COVID-19 Applicable Exemptions


The biggest story in Canada right now is the spread of the COVID-19 novel coronavirus across the country. For those looking for the most up-to-date information available from the Province of Ontario, the Ministry of Health has a helpful website showing the status of cases in the province as well as advice on what steps we should be taking to protect ourselves and each other:

Ministry of Health: The 2019 Novel Coronavirus (COVID-19)

Although a declaration of emergency has closed many workplaces, many provincial and municipal governmental institutions remain open, including hospitals, municipal governments, and police forces. News media offices and many other businesses remain open as well, and Freedom of Information requests are still being received and processed.

For provincial and municipal institutions in Ontario who are receiving Freedom of Information requests related to the current COVID-19 pandemic under the Freedom of Information and Protection of Privacy Act (FIPPA) and the Municipal Freedom of Information and Protection of Privacy Act (MFIPPA), I thought it would be helpful to create a list of the exemptions most likely to be relevant to such requests.

Top Exemptions for COVID-19 Related FOI Requests

The exemptions listed below should be given special attention when a request relating to COVID-19 is being reviewed:

Obligation to disclose (FIPPA, s.11, MFIPPA s. 5)

In the normal course, many institutions deal with mainly “commercial” or “economic” matters, and this section might start to become overlooked as something that is unlikely to ever apply. However, the COVID-19 situation is a good time to remind institutions of their obligation to disclose any record that reveals a grave environmental, health or safety hazard to the public. The specific language of this exemption is the same in both acts and is as follows:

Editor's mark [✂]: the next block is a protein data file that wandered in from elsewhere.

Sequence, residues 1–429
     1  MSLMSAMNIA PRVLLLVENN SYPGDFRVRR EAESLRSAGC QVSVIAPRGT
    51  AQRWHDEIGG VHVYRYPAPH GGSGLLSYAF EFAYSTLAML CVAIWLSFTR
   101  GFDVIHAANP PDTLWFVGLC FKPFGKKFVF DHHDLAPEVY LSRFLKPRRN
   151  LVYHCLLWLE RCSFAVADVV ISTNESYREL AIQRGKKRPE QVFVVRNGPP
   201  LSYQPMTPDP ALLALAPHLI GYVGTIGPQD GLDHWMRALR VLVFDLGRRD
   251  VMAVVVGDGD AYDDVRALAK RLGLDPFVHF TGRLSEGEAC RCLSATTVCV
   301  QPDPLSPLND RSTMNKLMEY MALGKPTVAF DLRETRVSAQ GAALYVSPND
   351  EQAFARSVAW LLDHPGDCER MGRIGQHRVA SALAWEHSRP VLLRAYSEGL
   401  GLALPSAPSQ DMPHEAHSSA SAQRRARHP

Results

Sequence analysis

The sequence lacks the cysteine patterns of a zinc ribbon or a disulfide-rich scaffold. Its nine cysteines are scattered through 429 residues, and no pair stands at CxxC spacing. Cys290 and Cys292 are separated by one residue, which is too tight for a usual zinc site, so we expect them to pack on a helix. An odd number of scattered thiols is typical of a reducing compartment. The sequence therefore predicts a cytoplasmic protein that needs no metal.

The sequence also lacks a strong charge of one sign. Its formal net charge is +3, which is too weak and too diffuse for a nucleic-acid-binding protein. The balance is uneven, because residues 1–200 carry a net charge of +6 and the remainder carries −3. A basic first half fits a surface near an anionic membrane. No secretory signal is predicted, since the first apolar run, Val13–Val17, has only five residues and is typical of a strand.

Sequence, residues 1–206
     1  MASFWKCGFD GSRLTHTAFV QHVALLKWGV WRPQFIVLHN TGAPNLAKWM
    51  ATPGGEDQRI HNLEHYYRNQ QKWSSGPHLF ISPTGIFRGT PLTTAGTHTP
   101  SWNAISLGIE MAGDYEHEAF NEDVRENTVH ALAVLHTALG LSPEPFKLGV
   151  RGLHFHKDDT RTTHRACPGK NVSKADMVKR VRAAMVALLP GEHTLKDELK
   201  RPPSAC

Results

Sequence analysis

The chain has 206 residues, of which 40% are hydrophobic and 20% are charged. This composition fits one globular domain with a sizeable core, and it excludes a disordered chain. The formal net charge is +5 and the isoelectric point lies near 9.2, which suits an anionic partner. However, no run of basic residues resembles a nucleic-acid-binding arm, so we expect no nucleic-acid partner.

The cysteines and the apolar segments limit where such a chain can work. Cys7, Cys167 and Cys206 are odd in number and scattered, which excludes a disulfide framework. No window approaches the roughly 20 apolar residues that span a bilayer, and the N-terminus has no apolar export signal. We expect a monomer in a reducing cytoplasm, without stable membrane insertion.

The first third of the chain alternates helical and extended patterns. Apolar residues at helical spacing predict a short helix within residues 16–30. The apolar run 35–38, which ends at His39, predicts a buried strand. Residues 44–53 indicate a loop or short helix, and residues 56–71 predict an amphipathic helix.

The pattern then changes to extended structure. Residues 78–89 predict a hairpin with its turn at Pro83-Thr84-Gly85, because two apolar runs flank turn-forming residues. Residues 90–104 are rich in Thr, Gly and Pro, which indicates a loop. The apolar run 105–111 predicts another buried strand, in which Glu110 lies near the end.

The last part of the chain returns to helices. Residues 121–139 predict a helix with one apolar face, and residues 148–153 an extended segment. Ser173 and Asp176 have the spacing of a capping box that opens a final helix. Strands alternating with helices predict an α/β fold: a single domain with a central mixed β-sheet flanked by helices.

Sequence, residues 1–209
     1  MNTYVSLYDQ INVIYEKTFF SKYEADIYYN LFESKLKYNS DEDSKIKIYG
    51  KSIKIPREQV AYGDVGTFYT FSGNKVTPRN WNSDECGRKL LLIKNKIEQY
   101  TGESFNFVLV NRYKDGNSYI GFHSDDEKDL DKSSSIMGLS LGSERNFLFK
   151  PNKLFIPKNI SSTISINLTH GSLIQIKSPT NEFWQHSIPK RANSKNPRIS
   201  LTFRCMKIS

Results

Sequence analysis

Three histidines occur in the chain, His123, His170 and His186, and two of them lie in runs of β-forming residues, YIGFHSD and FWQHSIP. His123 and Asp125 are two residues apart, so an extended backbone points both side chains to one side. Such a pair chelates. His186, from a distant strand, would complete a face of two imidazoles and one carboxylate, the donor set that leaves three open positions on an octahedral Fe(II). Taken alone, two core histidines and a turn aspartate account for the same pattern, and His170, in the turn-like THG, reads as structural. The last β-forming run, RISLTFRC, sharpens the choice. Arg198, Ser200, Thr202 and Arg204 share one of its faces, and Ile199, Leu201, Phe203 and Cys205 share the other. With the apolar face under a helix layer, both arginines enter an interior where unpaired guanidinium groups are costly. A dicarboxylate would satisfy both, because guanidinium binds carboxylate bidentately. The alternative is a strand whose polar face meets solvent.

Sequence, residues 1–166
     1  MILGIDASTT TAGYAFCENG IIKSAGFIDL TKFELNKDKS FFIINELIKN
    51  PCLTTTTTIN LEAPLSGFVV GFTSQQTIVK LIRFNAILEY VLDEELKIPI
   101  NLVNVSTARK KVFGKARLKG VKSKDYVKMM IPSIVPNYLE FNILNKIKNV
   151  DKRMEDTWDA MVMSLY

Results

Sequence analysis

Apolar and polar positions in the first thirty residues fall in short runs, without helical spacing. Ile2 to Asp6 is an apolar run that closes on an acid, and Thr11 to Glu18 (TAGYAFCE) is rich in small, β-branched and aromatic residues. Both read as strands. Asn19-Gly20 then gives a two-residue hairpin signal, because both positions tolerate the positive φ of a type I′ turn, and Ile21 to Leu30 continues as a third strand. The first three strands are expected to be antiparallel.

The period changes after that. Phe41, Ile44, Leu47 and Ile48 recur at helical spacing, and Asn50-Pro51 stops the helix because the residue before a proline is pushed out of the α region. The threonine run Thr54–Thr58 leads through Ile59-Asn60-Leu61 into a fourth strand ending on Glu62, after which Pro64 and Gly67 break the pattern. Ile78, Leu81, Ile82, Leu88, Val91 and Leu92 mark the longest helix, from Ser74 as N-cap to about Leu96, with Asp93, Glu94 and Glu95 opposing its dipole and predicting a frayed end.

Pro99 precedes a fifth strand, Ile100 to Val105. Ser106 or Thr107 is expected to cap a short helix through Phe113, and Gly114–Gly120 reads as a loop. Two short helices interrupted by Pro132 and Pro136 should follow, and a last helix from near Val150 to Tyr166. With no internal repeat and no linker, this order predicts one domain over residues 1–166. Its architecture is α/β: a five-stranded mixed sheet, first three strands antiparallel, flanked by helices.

Obligation to disclose

11 (1) / 5 (1) Despite any other provision of this Act, a head shall, as soon as practicable, disclose any record to the public or persons affected if the head has reasonable and probable grounds to believe that it is in the public interest to do so and that the record reveals a grave environmental, health or safety hazard to the public. […]

The remainder of the exemption deals with the formalities of making such disclosure, such as giving notice to the person to whom the record relates, if practicable.

Cabinet records (FIPPA, s.12) (mandatory)

This exemption likely needs no special call-out in this article, but it is certainly relevant when reviewing any request for records of Cabinet-level deliberations relating to the COVID-19 pandemic.

Draft by-laws, etc. (MFIPPA s.6)

Municipal governments may consider enacting special by-laws to respond to the COVID-19 situation. Because of this exemption, requestors have no right under MFIPPA to access private, internal drafts of such by-laws.

Advice or recommendations (FIPPA, s.13, MFIPPA s.7)

Many, and perhaps even the majority, of records relevant to the COVID-19 situation will fall under this exemption. The exemption has similar language under both FIPPA and MFIPPA. As stated in MFIPPA:

Advice or recommendations

7 (1) A head may refuse to disclose a record if the disclosure would reveal advice or recommendations of an officer or employee of an institution or a consultant retained by an institution. […]

This language would exempt the disclosure of suggested courses of action from medical experts, advice by municipal employees on how to limit services or deliver services differently in light of the COVID-19 situation, and advice provided by officers of a municipal government as well.

However, it is equally important to consider what this exemption does NOT cover, namely, the “exceptions to the exemption” under s.13(2) of FIPPA and s.7(2) of MFIPPA. Among other things, for “(a) factual material” and “(b) a statistical survey”, institutions cannot rely on this exemption as a basis to refuse disclosure. This means, for example, that a report from a consultant which includes factual information about COVID-19 or its impact on the province should not be withheld (at least not in full) merely on the basis that it is “advice to government”. Further, under 13(3) of FIPPA, an institution cannot refuse to disclose a record under this exemption “where the head has publicly cited the record as the basis for making a decision or formulating a policy”.

Institutions should carefully consider the long list of important carve-outs to this exemption before relying on it as a basis to withhold documents from a requestor.

Relations with other governments (FIPPA, s.15, MFIPPA s.9)

FIPPA allows provincial institutions to refuse to disclose records where the disclosure may reasonably be expected to prejudice the conduct of intergovernmental relations (such as the relationship between the province and the federal government). This exemption may apply to certain sensitive communications relating to the COVID-19 situation, for example, a hypothetical document in which the province concluded it did not expect the federal government to succeed in meeting certain health care commitments relating to COVID-19.